1. About
  2. Features
  3. Explore

I am a graduate student in Computer Science, and I recently received an email from my department requesting that I write a letter of recommendation for a professor who is being considered for a promotion. The letter requests that I address the professor's teaching abilities, as well as my experiences in regards to conducting research with the professor. It is also likely that the professor specifically listed me as a person to write a letter of recommendation.

I have a very positive relationship with this professor, and plan on writing an absolutely stellar letter on his/her behalf. However, I am unsure of how to address the professor in the letter.

This professor strongly prefers that students address him/her by his/her first name. This is part of what makes this professor so great: s/he is able to come down to a student's level, and is excellent at communicating complex topics because of it. With that in mind, I would prefer to use his/her first name in my letter as I think it communicates part of the "charm" that I want to convey in regards to his/her teaching ability. On the other hand, I don't want to come across as disrespectful to the committee who will be reading my letter, nor do I want the committee to take my letter less seriously.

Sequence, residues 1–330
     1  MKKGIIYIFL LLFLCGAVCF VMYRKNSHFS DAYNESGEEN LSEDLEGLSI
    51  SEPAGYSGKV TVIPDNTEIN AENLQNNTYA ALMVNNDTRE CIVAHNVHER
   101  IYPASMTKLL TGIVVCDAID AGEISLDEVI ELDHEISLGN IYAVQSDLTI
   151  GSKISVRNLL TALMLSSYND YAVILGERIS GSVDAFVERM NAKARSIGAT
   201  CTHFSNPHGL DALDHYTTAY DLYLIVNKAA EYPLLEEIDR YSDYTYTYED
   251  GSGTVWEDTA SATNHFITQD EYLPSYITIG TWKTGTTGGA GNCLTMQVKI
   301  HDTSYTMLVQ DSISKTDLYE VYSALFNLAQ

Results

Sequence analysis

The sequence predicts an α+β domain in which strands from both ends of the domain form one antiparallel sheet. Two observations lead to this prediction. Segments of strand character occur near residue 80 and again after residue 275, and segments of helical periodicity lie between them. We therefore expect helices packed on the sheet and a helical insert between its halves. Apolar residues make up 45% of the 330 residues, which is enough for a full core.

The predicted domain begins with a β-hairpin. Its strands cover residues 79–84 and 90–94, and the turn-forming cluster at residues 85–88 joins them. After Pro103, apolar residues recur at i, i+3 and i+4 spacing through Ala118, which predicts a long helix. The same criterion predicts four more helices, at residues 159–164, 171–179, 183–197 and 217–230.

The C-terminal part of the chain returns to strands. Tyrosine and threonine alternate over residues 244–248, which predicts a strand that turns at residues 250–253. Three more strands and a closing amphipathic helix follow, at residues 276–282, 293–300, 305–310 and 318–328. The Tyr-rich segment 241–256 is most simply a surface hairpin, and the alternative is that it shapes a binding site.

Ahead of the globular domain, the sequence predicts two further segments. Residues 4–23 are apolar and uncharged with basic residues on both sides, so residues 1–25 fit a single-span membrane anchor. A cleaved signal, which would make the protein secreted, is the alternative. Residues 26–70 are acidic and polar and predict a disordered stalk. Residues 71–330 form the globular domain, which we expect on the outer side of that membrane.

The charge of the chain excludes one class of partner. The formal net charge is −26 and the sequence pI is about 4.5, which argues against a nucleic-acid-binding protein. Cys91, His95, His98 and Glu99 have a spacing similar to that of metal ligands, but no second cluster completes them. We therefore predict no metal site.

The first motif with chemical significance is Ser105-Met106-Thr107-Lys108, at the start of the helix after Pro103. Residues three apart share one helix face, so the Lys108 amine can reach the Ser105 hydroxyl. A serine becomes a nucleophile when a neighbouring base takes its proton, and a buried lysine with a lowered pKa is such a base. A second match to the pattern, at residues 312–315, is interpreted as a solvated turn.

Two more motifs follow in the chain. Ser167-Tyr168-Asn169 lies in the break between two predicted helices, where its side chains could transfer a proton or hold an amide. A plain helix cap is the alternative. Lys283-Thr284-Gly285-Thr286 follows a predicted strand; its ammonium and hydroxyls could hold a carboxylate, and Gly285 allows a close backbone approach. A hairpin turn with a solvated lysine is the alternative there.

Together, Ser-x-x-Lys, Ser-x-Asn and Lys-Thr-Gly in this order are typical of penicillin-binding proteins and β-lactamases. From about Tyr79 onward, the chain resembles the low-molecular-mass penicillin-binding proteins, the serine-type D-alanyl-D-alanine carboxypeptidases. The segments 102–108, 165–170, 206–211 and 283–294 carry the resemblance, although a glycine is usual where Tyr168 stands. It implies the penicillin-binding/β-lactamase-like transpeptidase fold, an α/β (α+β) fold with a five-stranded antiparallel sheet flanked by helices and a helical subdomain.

My question is: can and should I address the professor by his/her first name when writing this letter of recommendation, or should I address him/her as "Professor Xyz"? It may be worth noting that most professors in my department choose to be addressed by students on a first name basis, though in their request for a letter, the professor was referred to by their proper title (Professor Xyz).

1 Answer 1

I wouldn't worry a lot about it. The worst that can happen is that part of the letter sounds a little off, but I'm sure promotion committees see much worse in letters from students, and understand it doesn't reflect on the professionalism of the professor.

If I had to chose, though, my personal inclination would be to write "Professor X" in the letter, rather than the professor's first name. It's much easier to go wrong in the direction of being too informal, rather than being too formal.